Scottish Adventurer to Attempt Winter Crossing of the Gobi Desert on Foot

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When we think about the coldest places on the planet, typically the North and South Pole are the first places to come to mind. But there are other regions that are known for their extreme cold as well, some of which remain largely unexplored too. One Scottish adventurer has identified just such a place, and this winter he’ll set out to cross it on foot.

Veteran polar explorer and mountaineer Newall Hunter is preparing for a solo crossing of the Gobi Desert. The journey will cover approximately 1600 km (994 miles) and is expected to take upwards of three months to complete. Hunter will begin the expedition in November and hopes to wrap up sometime in January, although he is already in the Gobi doing some reconnaissance by bike at the moment. That scouting mission is giving him the lay of the land prior to his setting off on the real excursion in another month.

Hunter, who has skied to both the North and South Pole, and climbed the Seven Summits, believes this expedition could be his toughest yet. He expects to face temperatures of around -40ºF/C, with wind that will reach speeds in excess of 100 mph (160 km/h). Those conditions are expected to be common throughout the journey, which is a bit different from the Antarctic for instance, where temperatures can reach those lows, but typically it is warmer and calmer than that.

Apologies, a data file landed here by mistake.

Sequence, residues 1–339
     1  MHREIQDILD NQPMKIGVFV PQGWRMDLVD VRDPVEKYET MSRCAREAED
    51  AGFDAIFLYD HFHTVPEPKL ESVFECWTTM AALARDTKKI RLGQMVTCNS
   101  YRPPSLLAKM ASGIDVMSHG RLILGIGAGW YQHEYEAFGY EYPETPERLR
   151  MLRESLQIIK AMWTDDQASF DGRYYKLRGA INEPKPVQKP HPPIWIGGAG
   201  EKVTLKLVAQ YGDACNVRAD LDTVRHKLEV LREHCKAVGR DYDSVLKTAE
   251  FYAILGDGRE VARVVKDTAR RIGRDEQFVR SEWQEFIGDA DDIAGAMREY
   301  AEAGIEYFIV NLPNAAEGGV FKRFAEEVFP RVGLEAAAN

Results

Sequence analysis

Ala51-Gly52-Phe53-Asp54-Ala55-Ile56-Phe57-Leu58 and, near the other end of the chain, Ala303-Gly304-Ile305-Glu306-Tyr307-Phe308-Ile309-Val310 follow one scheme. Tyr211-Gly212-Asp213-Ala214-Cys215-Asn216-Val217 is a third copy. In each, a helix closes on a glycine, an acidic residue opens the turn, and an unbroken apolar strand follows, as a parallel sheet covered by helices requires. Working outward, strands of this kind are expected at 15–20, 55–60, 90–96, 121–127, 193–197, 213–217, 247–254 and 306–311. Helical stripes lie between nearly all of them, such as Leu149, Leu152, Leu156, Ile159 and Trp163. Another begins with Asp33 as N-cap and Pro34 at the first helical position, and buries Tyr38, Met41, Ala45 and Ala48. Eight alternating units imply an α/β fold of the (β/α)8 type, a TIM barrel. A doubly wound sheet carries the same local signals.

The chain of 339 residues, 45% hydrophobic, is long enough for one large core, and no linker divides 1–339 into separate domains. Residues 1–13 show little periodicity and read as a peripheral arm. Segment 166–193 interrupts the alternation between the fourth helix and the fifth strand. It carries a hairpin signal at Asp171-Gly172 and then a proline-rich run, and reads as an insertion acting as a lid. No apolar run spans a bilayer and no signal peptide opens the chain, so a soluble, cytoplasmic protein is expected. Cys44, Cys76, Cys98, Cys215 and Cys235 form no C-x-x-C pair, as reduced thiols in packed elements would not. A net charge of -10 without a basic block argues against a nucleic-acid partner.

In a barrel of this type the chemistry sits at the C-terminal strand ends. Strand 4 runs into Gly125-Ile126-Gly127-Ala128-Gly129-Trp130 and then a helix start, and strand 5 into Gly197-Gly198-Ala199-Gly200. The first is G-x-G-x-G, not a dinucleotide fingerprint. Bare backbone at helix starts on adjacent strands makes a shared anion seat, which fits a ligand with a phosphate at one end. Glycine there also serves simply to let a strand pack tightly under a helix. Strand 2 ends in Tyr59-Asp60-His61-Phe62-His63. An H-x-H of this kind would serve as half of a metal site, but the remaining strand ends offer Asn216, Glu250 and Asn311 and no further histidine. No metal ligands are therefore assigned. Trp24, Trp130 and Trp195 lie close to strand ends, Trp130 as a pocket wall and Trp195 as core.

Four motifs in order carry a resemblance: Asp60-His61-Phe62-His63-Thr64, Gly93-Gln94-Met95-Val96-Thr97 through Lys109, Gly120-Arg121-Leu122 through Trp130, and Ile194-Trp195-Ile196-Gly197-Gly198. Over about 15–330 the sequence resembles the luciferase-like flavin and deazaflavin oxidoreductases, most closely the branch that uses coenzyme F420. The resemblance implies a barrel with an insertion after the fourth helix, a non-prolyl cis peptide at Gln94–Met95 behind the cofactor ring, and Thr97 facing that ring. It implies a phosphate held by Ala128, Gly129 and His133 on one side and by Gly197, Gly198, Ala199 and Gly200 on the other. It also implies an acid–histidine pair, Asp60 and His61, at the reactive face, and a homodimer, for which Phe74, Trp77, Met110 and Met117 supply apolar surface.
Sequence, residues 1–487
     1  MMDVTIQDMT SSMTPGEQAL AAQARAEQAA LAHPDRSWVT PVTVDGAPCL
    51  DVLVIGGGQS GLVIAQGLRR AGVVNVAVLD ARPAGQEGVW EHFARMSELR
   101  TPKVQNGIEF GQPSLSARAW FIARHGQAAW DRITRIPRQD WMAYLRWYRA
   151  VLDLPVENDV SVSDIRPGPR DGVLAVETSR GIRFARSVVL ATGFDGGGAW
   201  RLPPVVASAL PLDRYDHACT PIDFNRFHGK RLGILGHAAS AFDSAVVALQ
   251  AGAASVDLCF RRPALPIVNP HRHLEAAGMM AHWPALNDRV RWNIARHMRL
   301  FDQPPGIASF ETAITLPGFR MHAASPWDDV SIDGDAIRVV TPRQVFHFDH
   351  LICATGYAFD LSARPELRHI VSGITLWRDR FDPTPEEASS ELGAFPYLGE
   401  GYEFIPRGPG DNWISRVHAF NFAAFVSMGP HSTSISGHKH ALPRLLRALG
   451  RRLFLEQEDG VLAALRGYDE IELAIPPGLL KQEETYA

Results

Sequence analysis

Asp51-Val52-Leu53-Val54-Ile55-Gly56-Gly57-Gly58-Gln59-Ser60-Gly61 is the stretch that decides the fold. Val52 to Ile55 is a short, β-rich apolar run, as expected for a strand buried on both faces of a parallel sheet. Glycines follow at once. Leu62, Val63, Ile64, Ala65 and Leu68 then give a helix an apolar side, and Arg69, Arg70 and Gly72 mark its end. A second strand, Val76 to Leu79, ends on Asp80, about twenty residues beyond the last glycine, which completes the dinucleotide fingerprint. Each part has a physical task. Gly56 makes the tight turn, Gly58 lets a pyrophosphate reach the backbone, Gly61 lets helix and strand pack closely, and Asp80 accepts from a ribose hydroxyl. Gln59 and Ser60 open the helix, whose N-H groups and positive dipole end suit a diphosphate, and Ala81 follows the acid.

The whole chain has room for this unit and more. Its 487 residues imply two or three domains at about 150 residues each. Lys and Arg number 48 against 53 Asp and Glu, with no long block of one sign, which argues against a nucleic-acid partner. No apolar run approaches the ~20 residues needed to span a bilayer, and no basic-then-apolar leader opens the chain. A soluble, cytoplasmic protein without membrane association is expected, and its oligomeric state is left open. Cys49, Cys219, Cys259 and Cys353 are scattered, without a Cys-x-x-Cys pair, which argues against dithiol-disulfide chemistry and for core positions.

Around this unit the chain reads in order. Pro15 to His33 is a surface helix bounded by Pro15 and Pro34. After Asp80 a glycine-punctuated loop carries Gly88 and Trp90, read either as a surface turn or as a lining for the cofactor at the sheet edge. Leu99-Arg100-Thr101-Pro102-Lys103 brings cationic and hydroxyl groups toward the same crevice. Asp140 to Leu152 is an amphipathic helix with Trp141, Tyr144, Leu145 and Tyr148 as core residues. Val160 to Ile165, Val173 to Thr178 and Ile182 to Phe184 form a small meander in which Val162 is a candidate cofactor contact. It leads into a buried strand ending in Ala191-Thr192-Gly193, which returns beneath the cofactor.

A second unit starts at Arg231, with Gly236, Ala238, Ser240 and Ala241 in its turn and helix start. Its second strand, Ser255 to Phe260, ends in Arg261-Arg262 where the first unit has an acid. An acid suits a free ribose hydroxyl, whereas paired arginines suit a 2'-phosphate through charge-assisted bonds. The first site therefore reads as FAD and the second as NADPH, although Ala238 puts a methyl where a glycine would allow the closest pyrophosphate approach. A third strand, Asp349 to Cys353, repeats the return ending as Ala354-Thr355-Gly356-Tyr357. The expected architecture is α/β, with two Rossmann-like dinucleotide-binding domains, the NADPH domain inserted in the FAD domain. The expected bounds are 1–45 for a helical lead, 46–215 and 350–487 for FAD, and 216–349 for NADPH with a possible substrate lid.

As is usual with a major desert expedition, Hunter will be pulling his gear and supplies behind him in a specially designed cart. That cart will be his lifeline for the 70-90 days he expects to be in the Gobi. His biggest challenge will be to find fresh water in the heart of the desert, but he’ll have to also melt it for use on the trail. That will take time and plenty of fuel in the conditions he’ll face while traveling.

Judging from his Facebook page, it appears that Newall has nearly wrapped up his recon efforts. Now, he’ll return home and put the finishing touches on his preparation before returning to Mongolia to launch the expedition. It should be a fascinating one to watch unfold, as he’ll post updates to Facebook along the way. Check back in on that page in about a month’s time to see his departure.

Kraig Becker